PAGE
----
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Bowls In Focus : December 2009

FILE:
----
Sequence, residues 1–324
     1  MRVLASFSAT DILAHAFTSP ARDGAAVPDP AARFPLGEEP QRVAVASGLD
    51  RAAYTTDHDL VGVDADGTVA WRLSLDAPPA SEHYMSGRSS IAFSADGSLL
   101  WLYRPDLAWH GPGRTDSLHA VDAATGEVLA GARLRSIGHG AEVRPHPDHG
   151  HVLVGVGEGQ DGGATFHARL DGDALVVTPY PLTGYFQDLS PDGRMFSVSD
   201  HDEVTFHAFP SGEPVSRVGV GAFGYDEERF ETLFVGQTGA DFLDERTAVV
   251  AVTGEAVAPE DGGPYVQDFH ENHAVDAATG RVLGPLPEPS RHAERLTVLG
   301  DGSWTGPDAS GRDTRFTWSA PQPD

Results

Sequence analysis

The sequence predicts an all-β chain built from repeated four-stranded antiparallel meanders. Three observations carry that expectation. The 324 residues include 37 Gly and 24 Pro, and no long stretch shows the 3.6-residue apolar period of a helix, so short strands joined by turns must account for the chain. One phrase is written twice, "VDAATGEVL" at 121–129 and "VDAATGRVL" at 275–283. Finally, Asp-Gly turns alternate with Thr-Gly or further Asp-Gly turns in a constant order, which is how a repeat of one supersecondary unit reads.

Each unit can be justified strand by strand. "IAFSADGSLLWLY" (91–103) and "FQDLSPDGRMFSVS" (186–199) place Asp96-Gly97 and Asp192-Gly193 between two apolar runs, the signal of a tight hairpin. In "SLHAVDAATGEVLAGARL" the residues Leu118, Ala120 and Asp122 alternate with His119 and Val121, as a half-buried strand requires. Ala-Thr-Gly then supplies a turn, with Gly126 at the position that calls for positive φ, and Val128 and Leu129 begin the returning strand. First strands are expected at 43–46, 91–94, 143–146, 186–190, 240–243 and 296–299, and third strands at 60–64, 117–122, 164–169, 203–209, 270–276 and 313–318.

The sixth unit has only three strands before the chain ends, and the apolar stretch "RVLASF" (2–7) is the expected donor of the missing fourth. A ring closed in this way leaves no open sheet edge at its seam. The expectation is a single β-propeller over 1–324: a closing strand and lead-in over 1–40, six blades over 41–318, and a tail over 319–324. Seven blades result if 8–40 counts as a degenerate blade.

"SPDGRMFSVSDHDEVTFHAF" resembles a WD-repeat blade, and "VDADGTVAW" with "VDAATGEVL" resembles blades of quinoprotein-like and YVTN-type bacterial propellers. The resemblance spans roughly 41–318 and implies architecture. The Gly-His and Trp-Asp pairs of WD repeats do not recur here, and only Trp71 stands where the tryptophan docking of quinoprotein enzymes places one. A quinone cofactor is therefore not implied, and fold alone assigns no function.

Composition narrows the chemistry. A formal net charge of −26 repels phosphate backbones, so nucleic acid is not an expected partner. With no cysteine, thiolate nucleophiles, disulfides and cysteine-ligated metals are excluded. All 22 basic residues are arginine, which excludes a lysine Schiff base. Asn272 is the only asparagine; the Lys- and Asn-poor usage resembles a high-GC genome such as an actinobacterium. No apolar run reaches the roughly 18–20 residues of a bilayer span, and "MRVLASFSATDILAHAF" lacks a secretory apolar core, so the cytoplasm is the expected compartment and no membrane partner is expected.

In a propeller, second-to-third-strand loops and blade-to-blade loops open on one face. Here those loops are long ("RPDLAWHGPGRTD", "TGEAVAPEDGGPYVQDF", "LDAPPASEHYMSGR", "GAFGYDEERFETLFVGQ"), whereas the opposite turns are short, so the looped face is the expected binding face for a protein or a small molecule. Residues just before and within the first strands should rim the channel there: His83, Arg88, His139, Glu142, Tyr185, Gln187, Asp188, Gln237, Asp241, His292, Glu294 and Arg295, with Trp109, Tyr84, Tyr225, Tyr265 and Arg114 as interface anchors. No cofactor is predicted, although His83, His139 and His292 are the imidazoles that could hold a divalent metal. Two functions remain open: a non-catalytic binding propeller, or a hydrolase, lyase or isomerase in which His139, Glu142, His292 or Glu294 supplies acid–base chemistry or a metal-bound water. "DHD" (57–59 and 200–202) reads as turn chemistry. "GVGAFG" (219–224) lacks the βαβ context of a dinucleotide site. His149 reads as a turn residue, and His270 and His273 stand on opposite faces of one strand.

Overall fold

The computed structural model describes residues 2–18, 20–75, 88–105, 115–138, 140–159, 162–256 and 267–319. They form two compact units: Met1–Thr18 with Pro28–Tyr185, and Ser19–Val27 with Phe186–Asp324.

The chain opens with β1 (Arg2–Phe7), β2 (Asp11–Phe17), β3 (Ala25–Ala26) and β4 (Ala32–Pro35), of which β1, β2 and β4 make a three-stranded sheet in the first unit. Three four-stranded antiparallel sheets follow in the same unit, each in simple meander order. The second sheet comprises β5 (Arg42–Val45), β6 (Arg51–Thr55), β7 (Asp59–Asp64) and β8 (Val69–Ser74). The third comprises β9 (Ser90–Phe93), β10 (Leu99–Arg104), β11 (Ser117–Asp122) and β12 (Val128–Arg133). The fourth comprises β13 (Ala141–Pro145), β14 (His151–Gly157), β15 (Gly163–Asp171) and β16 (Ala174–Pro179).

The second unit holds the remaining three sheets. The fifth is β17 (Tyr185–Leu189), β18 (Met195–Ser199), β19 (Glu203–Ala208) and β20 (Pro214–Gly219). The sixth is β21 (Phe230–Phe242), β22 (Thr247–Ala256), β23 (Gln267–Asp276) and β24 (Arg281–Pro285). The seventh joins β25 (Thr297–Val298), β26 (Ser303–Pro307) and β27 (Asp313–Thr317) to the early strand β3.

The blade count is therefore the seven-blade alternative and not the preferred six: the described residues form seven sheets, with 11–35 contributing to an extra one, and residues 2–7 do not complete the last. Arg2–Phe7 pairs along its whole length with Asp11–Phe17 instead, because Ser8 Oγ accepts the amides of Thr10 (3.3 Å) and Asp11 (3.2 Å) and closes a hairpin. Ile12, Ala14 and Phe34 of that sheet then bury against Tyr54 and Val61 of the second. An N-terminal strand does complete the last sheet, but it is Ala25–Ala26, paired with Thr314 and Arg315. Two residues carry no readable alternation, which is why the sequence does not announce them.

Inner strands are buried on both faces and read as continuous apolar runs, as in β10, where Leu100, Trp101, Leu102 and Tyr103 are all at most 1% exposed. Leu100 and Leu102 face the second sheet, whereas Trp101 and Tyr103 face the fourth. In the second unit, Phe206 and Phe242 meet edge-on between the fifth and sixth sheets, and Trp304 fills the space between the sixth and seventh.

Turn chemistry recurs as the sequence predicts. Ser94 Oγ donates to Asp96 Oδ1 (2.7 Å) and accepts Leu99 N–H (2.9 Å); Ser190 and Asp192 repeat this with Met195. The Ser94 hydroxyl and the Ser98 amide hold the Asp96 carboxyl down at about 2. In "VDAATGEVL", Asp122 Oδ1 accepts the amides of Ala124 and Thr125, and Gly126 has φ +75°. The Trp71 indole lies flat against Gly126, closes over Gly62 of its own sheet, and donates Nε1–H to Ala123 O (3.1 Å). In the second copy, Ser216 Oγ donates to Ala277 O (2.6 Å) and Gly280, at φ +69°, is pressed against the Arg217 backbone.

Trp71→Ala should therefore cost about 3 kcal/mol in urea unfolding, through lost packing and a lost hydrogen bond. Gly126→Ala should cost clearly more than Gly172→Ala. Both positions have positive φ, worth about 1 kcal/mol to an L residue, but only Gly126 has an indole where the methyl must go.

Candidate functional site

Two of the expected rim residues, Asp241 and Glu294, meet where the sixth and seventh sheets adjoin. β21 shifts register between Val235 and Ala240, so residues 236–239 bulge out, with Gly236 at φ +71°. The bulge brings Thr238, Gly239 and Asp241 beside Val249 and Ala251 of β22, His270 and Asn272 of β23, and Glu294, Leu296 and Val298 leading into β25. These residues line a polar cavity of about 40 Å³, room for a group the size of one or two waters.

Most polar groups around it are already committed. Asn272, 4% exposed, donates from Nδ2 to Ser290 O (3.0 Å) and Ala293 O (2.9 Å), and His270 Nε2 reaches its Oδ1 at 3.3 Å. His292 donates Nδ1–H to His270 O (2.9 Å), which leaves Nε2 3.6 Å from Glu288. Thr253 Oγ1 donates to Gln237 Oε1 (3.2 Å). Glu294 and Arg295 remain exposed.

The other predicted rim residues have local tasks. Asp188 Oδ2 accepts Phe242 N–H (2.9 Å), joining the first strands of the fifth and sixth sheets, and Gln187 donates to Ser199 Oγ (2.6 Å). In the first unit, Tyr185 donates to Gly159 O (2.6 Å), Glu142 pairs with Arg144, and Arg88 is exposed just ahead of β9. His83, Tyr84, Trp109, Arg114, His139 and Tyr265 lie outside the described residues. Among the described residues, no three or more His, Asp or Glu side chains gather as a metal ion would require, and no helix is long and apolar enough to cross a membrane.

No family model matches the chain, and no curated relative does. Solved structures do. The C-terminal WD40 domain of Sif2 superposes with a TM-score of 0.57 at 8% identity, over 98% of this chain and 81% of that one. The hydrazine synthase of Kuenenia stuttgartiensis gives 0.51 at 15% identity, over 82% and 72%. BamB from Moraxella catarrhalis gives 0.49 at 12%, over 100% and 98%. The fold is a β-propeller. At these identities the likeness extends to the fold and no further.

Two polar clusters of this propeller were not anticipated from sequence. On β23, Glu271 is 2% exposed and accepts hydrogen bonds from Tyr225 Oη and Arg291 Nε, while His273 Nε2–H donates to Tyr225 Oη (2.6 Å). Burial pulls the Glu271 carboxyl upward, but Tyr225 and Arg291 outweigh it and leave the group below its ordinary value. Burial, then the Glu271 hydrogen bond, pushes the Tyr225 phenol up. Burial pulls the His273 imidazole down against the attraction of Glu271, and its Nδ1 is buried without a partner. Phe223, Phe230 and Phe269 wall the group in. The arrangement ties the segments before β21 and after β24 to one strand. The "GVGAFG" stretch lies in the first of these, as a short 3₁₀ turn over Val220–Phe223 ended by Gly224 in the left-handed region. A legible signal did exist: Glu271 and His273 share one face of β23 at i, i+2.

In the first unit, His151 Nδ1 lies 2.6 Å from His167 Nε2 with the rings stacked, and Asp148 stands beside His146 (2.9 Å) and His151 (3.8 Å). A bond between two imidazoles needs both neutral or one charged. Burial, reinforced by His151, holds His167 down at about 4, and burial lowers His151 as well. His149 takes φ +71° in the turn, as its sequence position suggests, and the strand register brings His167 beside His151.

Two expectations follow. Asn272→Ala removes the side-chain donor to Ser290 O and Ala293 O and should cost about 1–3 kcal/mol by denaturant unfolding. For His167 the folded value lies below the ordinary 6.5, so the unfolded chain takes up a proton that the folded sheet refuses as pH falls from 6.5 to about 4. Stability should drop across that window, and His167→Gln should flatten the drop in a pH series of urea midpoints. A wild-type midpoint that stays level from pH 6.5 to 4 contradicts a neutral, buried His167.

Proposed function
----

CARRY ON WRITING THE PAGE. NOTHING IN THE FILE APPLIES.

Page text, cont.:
(Duprez) and I had never even trialled together before they announced the team. I flew to Sydney and caught up to find out a bit about each other's game." Jacobsen is a major fan of the Queen's interna- tional sporting tournament where the former British Empire gathers every four years to compete on the fields of dreams alongside superstars such as Usain Bolt and Grant Hackett. "The Commonwealth Games is the pinnacle. I do rate it on top of World Bowls. I think the Common- wealth Games gives you more exposure. Every- body's there and there's plenty of hype about it," he said. At the most recent staging of the Commonwealth Games, when the bowls competition was conducted at Darebin, Jacobsen impressed many with another talent - television commentary. "I absolutely loved it. The guy who got me the gig with Channel 9 was the late Steve Boylan. I recently turned down a gig with Channel 10 so I could stay in the Australian squad and go around again. "I think it's easy to commentate on a sport that you know about. I got a few letters from viewers who told me I came across well. "If Channel 9 had been doing the Commonwealth Games in 2010 with the salary they paid me in 2006, I'd have no hesitation in pulling out of the squad," he added. The man who now plies his trade for Taren Point in the NSW Premier League and as coach of Moonee Ponds in the Premier Division here in Melbourne bristles at suggestions his on-green behaviour is anything out of order. "I think I am good for the game. I don't disrespect my opposition, I'm there to entertain, and I'm there to lead the way. Every time I go out to play I like to own the rink I'm playing on. I like to know I'm there in a vocal way or whatever way there is," Jacobsen said. And what about criticism of his handling of team- mates, that some casual observers may think his acid tongue is a bit cruel. "Sometimes I'm a bit hard on teammates, but there's those who sink or swim, and there's those that can cop constructive criticism. "You change over the journey of your life. I think I've mellowed in that area. When I first got into the Australian team I expected everyone to play at my level, and it took a long time for me to work out that this wasn't happening. "Now I'm a lot more laidback. At the end of the day they've done the best they can," he said. The man with no regrets does have one: that he couldn't share his glory with his parents. "The only regret I have is that my mum and dad arenotheretowatchmedoasmuchasIcanforthe country. "My dad got me into the game at Fitzroy. He was the champion a few times there. "I've got no regrets because I've had a magnificent career and it's still going. I've played the most times for Victoria with 429 games and I'm still only 41. I've played 125 times for Australia - eight gold medals and a bronze and I've missed for eight years when they didn't pick me," Jacobsen said. Jacobsen may have first had his name painted in gold letters on the Victorian honour board some 19 years ago, but he thinks his game is only just reach- ing its peak. Which means he may get even better in the next few years. "I won the state singles in 1990 after playing the game four or five years and I realised that I had a good chance to play for Australia. I was still playing cricket at the time for Fitzroy. "I reckon the last three or four years I've hit my peak, ever since I joined St Johns Park three years ago." The combination of Jacobsen's natural sales instinct and the world of bowls has landed him in an ideal occupation. "I've recently joined the BCiB, and I've been with them for nine months. (Managing director) Ian Hop- per is absolutely delighted with how it's been going in Melbourne. We've really kicked some goals club- wise. He said to me 'we want you to keep your profile and to play as much bowls as you can and we'll work it in with BCiB." If you want the amiable Jacobsen to vent some frustration, just ask him about the plethora of mini- mum-bias bowls now flooding greens from northern Queensland to the southern tip of Tasmania. "Not good for the game at all. They've gone overboard with the narrow-bias bowl because it has ruined the overall game, made it just draw and drive, no skills involved. "All the players are going for the tighter bowls and half of them can't use them. They think they can get them to work as well as we can. Their form drops off and what they do then is go and get another set of bowls and all of a sudden they are back to square one and that's the end of it," he said. Roll on New Delhi next October when the Com- monwealth Games circus takes to another bowls frontier, and just like Kuala Lumpur 11 years ago, we want to see a flamboyant Jacobsen clad in green and gold as he carves out another gold medal. PS: And the 'Dougie' tag - it originated from a mo- tel room poker game on a bowls trip many years ago, when Jacobsen was speaking to a former VFL player he called 'Doug' all night, and became annoyed when the old half-back-flanker never replied. His name was actually 'Clive'. You have your car checked and serviced before you go on holiday but what about your Caravan, Motorhome or Camper Trailer? Caravan Trade & Industries Association of Victoria Approved Members specialise in caring for all types of recreational vehicles. For complete peace of mind and expert advice on servicing, repairs and towing, deal with the experts displaying this sign. For your nearest Caravan Trade & Industries of Victoria 'Approved Members' call (03) 9329 5311 or visit www.ciavic.com.au PLAY IT SAFE CI8695 An initiative of the Caravan Trade & Industries Association of Victoria. Proudly promoting the enjoyment of leisure & recreational vehicles. HAVE YOUR RV SERVICED BY EXPERTS DON'T MISS THE 2010 CARAVAN, CAMPING & TOURING SUPERSHOW CAULFIELD RACECOURSE 9TH TO 14TH MARCH 2010 VISIT caravanshow.com.au FOR MORE DETAILS • The great Victorian skipper: In action against ACT in Canberra last month.